Does your business market debt relief services? Read this guide on complying with amendments to the Telemarketing Sales Rule.
Many Americans struggle to pay their credit card bills. Some turn to businesses offering “debt relief services” – for-profit companies that say they can renegotiate what consumers owe or get their interest rates reduced.
The Federal Trade Commission (FTC), the nation’s consumer protection agency, has amended the Telemarketing Sales Rule (TSR) to add specific provisions to curb deceptive and abusive practices associated with debt relief services. One key change is that many more businesses will now be subject to the TSR. Debt relief companies that use telemarketing to contact potential customers or hire someone to call people on their behalf have always been covered by the TSR. The new Rule expands the scope to cover not only outbound calls – calls you place to potential customers – but in-bound calls as well – calls they place to you in response to advertisements and other solicitations. If your business is involved in debt relief services, here are three key principles of the new Rule:
- It’s illegal to charge upfront fees. You can’t collect any fees from a customer before you have settled or otherwise resolved the consumer’s debts. If you renegotiate a customer’s debts one after the other, you can collect a fee for each debt you’ve renegotiated, but you can’t front-load payments. You can require customers to set aside money in a dedicated account for your fees and for payments to creditors and debt collectors, but the new Rule places restrictions on those accounts to make sure customers are protected.
- You have to disclose certain information before signing people up for your services. Before people sign up, you must disclose fundamental aspects of your services, including how long it will take for them to get results, how much it will cost, the negative consequences that could result from using debt relief services, and key information about dedicated accounts, if you use them.
- You can’t misrepresent your services. The new Rule prohibits you from making false or unsubstantiated claims about your services.
Is your business covered by the new Rule? Are you certain of your legal obligations? This Guide tells you how to comply with the new Rule and is designed to supplement the FTC’s publication, Complying with the Telemarketing Sales Rule. The Guide represents the views of FTC staff and is not binding on the Commission.
- Who's Covered by the New Rule?
- Types of Telemarketing Calls Covered by the New Rule
- Information You Must Disclose to Customers
- Making Truthful and Substantiated Claims
- Collecting Fees
- Requiring a Dedicated Account
- Keeping Records
- Best Practices
- Looking for More Information on Debt Relief Services and the TSR?
Who's Covered by the New Rule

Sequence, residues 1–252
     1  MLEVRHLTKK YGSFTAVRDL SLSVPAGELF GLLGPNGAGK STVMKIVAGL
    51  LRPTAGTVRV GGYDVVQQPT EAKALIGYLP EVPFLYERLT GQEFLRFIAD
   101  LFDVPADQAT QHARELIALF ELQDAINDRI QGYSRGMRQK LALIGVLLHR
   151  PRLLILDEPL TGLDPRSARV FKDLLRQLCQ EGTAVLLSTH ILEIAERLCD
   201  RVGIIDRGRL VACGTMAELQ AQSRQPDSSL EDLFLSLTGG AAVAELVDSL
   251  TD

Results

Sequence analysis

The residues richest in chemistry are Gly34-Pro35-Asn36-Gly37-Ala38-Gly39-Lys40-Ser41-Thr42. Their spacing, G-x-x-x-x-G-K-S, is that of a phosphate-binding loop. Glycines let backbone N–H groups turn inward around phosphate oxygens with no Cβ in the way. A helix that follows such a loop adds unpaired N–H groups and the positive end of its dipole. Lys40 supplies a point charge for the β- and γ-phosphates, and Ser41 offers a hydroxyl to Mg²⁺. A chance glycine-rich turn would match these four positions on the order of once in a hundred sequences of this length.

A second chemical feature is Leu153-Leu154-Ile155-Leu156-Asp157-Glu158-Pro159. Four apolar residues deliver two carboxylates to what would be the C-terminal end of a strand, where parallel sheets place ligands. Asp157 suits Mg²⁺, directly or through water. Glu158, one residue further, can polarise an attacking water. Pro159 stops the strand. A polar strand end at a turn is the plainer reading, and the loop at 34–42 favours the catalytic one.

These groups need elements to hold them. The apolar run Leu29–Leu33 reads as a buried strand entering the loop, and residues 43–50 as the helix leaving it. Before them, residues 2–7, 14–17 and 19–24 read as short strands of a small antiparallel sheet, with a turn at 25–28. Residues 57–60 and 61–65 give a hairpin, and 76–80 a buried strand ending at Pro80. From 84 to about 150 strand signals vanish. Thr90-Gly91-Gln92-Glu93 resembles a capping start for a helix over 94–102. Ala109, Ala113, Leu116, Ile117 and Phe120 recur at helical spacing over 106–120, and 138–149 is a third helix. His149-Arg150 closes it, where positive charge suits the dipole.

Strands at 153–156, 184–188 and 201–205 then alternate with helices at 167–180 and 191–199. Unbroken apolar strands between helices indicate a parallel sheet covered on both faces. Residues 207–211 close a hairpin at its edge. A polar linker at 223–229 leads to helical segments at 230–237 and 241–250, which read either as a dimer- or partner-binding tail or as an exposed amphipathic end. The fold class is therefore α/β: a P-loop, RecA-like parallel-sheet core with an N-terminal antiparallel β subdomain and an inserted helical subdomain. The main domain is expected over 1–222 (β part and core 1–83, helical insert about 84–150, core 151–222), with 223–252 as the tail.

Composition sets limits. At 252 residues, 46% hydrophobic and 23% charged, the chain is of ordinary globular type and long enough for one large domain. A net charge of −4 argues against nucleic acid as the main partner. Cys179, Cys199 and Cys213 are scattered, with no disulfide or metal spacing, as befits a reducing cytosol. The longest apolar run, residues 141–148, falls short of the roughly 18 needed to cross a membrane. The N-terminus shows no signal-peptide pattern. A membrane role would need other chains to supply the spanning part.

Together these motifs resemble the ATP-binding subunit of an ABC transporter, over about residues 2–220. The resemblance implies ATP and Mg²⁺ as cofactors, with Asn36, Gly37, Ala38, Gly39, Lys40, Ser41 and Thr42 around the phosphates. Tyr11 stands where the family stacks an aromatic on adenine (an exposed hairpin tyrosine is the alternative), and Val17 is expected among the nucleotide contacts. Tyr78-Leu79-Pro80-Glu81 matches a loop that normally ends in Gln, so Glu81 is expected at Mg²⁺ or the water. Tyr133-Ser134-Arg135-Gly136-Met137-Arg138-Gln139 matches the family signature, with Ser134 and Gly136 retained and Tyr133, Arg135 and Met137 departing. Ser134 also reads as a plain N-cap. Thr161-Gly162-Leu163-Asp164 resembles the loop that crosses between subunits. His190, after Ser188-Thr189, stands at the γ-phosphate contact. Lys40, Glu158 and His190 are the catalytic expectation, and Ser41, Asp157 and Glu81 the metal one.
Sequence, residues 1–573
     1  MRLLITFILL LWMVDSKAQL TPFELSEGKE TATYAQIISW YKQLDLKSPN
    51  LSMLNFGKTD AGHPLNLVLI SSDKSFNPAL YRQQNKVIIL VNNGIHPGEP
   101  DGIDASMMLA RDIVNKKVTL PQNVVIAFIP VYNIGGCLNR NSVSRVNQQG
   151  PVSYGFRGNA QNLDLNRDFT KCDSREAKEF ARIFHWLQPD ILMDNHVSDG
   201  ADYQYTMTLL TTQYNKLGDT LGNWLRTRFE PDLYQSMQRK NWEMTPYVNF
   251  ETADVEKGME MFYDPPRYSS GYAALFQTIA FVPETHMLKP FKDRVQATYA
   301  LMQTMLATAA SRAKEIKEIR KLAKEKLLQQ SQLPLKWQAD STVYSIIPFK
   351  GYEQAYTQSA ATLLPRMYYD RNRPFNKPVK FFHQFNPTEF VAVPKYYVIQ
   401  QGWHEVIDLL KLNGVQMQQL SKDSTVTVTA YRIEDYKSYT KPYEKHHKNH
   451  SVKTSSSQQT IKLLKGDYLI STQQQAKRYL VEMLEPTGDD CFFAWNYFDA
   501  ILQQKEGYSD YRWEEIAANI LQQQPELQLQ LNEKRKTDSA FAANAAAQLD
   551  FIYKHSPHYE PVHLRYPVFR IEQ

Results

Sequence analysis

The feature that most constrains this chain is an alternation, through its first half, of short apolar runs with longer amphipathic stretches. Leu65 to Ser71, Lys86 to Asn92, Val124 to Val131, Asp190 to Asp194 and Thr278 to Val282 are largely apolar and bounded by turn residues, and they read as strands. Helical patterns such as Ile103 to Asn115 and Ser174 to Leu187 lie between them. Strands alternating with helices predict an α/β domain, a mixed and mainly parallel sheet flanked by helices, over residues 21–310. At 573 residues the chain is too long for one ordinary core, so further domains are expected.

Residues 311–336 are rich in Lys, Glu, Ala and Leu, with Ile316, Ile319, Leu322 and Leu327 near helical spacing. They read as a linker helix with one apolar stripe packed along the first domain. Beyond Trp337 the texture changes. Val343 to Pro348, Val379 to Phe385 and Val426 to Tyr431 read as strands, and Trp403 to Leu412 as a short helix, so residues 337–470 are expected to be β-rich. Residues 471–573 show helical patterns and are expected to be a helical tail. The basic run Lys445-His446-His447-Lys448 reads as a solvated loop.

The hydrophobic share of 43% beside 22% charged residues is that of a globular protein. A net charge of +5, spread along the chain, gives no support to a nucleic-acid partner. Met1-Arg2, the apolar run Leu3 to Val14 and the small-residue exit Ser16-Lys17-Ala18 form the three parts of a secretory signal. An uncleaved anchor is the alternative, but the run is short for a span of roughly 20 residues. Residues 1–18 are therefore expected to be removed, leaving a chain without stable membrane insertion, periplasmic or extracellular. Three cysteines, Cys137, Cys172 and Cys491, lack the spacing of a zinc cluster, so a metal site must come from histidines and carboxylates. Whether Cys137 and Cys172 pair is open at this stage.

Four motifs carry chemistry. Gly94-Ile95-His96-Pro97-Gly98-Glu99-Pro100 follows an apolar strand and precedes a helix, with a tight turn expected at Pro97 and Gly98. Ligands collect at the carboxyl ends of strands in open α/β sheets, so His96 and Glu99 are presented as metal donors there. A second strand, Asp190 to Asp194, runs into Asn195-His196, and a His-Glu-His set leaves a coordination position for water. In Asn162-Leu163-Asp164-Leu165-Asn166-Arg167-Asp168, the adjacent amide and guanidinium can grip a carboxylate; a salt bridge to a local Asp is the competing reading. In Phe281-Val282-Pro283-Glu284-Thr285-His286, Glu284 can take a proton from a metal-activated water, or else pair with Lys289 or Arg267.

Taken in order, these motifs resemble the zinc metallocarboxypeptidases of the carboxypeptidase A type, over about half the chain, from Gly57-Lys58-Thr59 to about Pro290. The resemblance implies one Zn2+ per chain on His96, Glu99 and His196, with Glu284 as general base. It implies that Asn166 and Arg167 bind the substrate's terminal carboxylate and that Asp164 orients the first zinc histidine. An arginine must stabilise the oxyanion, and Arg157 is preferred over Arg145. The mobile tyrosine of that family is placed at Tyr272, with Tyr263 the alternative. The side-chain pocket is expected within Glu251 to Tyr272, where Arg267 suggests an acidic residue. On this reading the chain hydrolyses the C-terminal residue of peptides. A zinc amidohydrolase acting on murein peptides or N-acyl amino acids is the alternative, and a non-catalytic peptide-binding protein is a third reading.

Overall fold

The new Rule applies to for-profit sellers of debt relief services and telemarketers for debt relief companies. The new Rule defines a “debt relief service” as a program that claims directly, or implies, that it can renegotiate, settle, or in some way change the terms of a person’s debt to an unsecured creditor or debt collector. That includes reducing the balance, interest rates or fees a person owes. The TSR defines “telemarketing” as a “plan, program, or campaign . . . to induce the purchase of goods or services” involving more than one interstate telephone call. Most of the provisions of the TSR apply to sellers and telemarketers, so the terms “company” and “provider” in this Guide refer to both. In addition, certain parts of the Rule apply to those who provide substantial assistance or support to sellers or telemarketers.
Some examples of debt relief services include:
- Debt settlement – Companies that say they can settle customers’ debts for less than the full balance.
Example 1: Company A advertises a program to help people settle their credit card debts for less than what they owe. It requires customers to set aside monthly payments as savings. Company A waits until there is enough money in the account to make an offer to the creditor or debt collector. It negotiates an offer from the creditor or debt collector to settle the debt and gets the customer’s approval. The customer pays the reduced amount to settle the debt. Company A is covered by the new Rule.
- Debt negotiation – Companies that say they can reduce their customers’ monthly payments by getting creditors to reduce interest rates or agree to other concessions.
Example 2: Company B says it can reduce customers’ credit card debt or monthly payments by negotiating with credit card companies to get a lower interest rate. After a person signs up for the program, Company B calls the credit card company – sometimes with the customer on the line – and asks for concessions. Company B is covered by the new Rule.